I can't speak for the adult market, and I do hear that ebooks are a higher percentage of that market, but for YA, some trad-pubbed authors are reporting that AS MUCH AS 25% of their sales are ebook.  This means that 75+% of the market is paper.  Children's (YA, MG, and PB) is the only actively growing segment of the book industry, and ebook sales are highest in YA.

 

The percentage of YA ebooks sold is increasing, BUT, from what I've read, this is more due to an increase in adults reading ebooks (and YA crossover appeal), not teens.  There are also some indicators that self-pub YA is largely read by adults.

 

IMO it's interesting how the market is segmenting out by age.  I wonder if money is a factor, and as today's teens and tweens age they will move into the ebook market, or if their current preference for paper will carry into adulthood, moving the adult trend back to paper.

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bobstro
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Re: Hugh Howey: Self-Publishing is Great for Writers

[ Edited ]

5ivedom wrote:

I don't think people realize just how big of a change this is.

 

So you honestly think you're the only one that gets it? That the rest of us can see the changes around us and not put two and two together?

 

It's not a 'new type of buggy whip' change. It's a shift from horse-drawn carriages to cars.

 

What is? Are you talking about writing? Publishing? Selling? the game from end-to-end? What exactly is this transformation? Books have already undergone a significant and ongoing jump from paper to electrons stored in various ways. Book sellers have already begun the game of adapting, though we're still very much in the early stages. Writiers have shifted from pen and paper, through typewriters to computers, and electronic submissions are not new. So what exactly is the transformational change you're talking about? Publishing? That's surely changing, but I think publishing is part of "the game". There are now more variations than before, and more considerations (which is what the self-promoting spat between Hovey and Wendig seems to be about), but publishing remains only part of the story, not the whole story. You're not being very specific here, 5ivedom. What is changing in your opinion?

 

[...] This is a HUGE factor. $10 books just can't keep competing with $1 and $3 books.

 

Why not? They have for decades. While $1 books might sell MORE copies, it's not a zero sum game. It's entirely possible for $1 book sales to reach astronomical sales, yet $10 books continue to sell well, especially if they're worth it. In recent weeks, I've seen responses here indicating that B&N purchasers are less interested in the cheapest product, thus justfying B&N's often-higher prices. I don't agree with this, but you can't have it both ways. Discerning buyers will pay more, or they won't. (I think the notion that they'll pay more from one source for some measure of "quality" is questionable.)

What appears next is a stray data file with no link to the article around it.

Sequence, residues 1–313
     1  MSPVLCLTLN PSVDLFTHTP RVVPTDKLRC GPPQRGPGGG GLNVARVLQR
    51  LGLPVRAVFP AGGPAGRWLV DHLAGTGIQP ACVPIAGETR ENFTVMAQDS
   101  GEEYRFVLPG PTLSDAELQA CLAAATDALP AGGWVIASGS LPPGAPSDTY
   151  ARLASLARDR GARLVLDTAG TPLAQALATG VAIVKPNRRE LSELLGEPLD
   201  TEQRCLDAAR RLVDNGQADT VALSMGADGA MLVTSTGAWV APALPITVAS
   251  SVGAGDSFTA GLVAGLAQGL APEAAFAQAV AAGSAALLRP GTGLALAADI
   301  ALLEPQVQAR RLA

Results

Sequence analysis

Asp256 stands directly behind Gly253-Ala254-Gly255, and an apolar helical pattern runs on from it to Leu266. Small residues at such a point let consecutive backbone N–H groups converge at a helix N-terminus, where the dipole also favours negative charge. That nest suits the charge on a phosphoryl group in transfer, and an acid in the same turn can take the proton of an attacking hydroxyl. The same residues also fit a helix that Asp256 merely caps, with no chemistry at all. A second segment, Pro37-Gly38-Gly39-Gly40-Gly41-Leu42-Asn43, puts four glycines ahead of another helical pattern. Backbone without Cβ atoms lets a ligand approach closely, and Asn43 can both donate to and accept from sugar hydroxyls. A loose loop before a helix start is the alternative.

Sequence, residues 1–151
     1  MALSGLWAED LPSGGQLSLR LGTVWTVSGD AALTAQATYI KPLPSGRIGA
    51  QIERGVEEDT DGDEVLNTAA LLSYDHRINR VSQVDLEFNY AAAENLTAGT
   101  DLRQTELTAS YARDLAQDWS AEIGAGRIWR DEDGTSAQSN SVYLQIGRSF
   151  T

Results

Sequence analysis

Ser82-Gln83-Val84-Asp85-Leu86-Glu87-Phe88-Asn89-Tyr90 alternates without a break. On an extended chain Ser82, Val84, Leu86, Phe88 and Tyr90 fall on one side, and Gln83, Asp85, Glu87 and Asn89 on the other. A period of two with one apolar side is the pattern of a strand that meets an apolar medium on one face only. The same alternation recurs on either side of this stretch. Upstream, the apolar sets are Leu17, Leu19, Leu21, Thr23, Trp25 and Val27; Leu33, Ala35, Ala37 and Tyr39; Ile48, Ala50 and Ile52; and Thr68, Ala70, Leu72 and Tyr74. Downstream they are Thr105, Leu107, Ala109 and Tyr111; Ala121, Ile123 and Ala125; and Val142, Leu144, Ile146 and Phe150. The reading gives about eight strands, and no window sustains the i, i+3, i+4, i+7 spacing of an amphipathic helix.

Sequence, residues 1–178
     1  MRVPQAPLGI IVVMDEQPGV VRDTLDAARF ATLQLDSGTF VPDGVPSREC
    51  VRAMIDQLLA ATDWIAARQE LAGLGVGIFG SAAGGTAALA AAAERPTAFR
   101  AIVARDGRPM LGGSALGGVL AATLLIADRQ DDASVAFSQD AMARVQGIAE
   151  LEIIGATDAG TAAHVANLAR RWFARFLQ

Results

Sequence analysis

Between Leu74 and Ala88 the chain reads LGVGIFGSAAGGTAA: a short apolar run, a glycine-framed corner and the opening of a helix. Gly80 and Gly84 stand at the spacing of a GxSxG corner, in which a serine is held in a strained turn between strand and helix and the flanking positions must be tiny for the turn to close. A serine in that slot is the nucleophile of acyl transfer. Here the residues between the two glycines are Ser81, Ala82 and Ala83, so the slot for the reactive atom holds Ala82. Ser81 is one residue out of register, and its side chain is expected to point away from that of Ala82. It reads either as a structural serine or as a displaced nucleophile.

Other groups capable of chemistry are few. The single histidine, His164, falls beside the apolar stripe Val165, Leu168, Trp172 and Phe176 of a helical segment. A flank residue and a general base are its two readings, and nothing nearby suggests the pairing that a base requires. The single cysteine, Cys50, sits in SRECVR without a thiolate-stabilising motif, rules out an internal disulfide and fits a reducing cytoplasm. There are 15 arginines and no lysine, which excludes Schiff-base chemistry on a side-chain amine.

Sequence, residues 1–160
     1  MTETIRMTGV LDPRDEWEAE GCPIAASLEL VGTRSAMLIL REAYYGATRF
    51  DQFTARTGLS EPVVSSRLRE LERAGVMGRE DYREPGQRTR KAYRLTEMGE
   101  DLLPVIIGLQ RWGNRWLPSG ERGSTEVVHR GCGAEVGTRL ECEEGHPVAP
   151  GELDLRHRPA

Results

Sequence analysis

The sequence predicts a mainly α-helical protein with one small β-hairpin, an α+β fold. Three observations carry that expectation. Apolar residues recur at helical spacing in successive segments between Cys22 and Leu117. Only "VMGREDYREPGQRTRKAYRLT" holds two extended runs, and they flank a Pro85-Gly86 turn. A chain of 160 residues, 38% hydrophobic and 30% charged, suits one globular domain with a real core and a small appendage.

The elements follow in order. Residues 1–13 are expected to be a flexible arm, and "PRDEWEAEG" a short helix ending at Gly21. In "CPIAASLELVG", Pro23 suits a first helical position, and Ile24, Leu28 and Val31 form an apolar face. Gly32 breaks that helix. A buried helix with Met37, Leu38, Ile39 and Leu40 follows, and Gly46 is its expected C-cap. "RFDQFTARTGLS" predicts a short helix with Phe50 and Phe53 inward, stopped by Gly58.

Companies like Amazon are manipulating the rankings by weighing higher priced books more. And lots of subtle things.

 

Oh really? Mind a link then? How about the NYT top 100 and all the other top lists? It's true that publishing via the traditional path makes things like promotion and advertising happen more consistently, but that doesn't mean self-pub'ers can't do them. They do have to do them, though, which is what the spat is about.

 

Otherwise by now the lower priced books would have taken over.

 

In 2008 there used to be 2 or 3 books below $5 in the Top 100.

 

Then in 2010/early 2011 there were 30-35. With most at $1 or $2.

 

Then Amazon started manipulating the rankings. And now we have less.

Exactly what manipulation are you talking about? Is Amazon colluding with the other top lists?

 

However, the trend is that readers, rather unsurprisingly, prefer lower priced books, provded they are good enough.

 

By the same token, readers will also pay more for a higher priced book, provided it is good enough. My walls are mostly decorated with cheap prints (a few), but we own a couple of nicer pieces that we paid far more for. It's not either-or. A plethora of cheap stuff does not eliminate the desire for nicer stuff. It's not like a car where you only need one or two, and the cheaper one will usually do. Startbucks is still selling overpriced mocca-latte-whateverinos right next to Dunk N Donuts.

 

[...] That's the only reason there's still debate amongst people and people think indie authros haven't gone mainstream.

 

Who thinks they haven't gone mainstream? There are plenty of examples of some that have done well. You seem surprised. I'm not, and I'm not even tracking the trends.

 

[...] Anyways, there's a record of all of this discussion now. So in a few years we'll know whether this was all conjecture or whether we really were in the middle of a Gutenberg level transformation of books and just didn't realize it and/or weren't willing to accept it.

 

Again I must ask, what do you mean? Books? Publishing? Reading? Buying? Selling? Books have undergone that transformation already. Reading has, though not fully. Your fave, Google, has already made many, if not most, books locateable via search and keywords. Publishing, buying and selling are still in the early days of change, no doubt.